Since the 1990s, scientists have discovered about 20 species of bizarre bacteria that "breathe" arsenic. They are typically found in environments where oxygen is scarce and have been forced to survive on whatever strange substance is easily available. "Just like you and I inhale oxygen and breathe out carbon dioxide, these bugs breathe in Arsenic (III) and breathe out Arsenic (V)," said researcher Ronald Oremland.
Arsenic (III) is the most poisonous form of the element, because it acts much like phosphorous. Most life on Earth needs phosphorous to build the molecule called ATP, which supplies cells with energy. Arsenic can substitute for phosphorous and upset the ATP molecule, essentially starving cells to death.
In the arsenic-rich, oxygen-poor waters of Mono Lake, Oremland and team found that bacteria turn the lethal toxin to their advantage through photosynthesis. With the help of sunlight, the microbes oxidise Arsenic (III) ions into Arsenic (V) ions, stripping away electrons in the process. The electrons are then used as the energetic push needed to build ATP.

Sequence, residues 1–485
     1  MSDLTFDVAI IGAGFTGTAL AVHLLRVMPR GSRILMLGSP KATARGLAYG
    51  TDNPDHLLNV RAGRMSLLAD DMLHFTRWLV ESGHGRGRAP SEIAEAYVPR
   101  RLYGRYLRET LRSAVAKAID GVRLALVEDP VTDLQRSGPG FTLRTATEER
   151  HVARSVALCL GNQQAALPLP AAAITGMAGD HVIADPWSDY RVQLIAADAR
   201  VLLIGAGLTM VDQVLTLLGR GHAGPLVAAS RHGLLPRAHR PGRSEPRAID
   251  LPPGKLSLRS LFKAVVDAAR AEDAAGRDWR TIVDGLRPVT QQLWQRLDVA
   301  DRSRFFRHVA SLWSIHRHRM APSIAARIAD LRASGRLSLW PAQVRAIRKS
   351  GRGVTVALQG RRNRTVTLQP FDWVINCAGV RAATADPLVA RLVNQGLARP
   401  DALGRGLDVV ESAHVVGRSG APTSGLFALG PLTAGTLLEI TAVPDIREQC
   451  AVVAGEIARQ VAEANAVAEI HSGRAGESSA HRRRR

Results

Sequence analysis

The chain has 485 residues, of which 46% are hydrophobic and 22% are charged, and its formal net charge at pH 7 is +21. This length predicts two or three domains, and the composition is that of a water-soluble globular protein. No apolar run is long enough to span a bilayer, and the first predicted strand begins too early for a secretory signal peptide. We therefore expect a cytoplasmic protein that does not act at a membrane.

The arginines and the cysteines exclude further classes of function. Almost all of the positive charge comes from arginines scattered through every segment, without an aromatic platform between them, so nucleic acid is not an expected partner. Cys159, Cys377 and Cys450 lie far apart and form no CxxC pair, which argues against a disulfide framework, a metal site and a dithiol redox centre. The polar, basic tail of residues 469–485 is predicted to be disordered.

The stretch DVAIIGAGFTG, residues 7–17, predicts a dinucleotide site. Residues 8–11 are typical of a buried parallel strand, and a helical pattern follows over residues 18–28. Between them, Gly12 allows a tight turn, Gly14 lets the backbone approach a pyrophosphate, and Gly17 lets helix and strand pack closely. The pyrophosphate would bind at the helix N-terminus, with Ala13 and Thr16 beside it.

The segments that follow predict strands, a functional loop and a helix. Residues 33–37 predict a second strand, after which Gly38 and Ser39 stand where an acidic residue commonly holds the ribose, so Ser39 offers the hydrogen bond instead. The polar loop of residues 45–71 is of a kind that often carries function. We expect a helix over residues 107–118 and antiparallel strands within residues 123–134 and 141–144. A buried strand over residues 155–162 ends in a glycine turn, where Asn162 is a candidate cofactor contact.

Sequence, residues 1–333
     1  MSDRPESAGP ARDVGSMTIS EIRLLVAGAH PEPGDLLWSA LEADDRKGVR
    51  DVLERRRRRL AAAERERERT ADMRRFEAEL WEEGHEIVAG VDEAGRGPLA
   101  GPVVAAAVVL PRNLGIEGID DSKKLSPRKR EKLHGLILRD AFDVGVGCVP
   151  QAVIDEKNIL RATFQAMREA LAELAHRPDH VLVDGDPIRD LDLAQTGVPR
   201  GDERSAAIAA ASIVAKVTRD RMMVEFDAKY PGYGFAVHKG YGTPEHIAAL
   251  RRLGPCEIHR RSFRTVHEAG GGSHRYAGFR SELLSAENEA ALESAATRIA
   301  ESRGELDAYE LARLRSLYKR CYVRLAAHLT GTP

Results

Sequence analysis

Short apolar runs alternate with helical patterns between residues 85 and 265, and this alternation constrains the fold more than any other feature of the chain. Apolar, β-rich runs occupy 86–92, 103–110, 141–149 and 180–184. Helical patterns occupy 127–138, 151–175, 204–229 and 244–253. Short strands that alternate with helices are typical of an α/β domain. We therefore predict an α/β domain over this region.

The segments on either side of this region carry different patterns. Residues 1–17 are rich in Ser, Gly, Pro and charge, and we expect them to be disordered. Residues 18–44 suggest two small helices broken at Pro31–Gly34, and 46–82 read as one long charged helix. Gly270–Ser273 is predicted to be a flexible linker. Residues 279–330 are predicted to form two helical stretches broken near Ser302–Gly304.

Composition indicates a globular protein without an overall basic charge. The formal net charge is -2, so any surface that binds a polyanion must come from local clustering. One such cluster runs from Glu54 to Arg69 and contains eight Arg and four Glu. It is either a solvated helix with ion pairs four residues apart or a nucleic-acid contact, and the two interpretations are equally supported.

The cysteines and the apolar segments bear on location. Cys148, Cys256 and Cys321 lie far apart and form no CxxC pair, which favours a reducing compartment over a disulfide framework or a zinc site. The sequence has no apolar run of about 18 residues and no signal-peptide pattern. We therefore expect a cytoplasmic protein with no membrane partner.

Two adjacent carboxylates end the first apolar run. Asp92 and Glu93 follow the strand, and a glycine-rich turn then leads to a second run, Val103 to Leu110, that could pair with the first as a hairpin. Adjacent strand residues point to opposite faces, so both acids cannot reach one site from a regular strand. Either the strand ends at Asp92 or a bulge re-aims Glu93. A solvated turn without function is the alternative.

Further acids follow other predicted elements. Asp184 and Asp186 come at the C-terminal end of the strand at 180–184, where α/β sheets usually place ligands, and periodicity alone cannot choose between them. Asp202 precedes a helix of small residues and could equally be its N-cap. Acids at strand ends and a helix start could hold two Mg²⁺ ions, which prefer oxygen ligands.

More than a mere biological oddity, the discovery adds weight to Oremland's theory that the bacteria's ability evolved billions of years ago, when the first life was just getting started on earth. At the time, the planet's oceans were devoid of oxygen, but hydrothermal vents spewed elements such as sulphur, iron and arsenic into the water column. In this ancient stew, arsenic may have been an important nutrient to life. The life-forms would have used whatever they could to survive these noxious waters, and sunlight and arsenic were probably plentiful. As the life-forms found they could make a living off of these odd bedfellows, one of the first forms of photosynthesis was born.
Modern photosynthesis is thought to have evolved between 2.3 and 2.7 billion years ago. The arsenic-based form may be much older.
File this one under fascinating!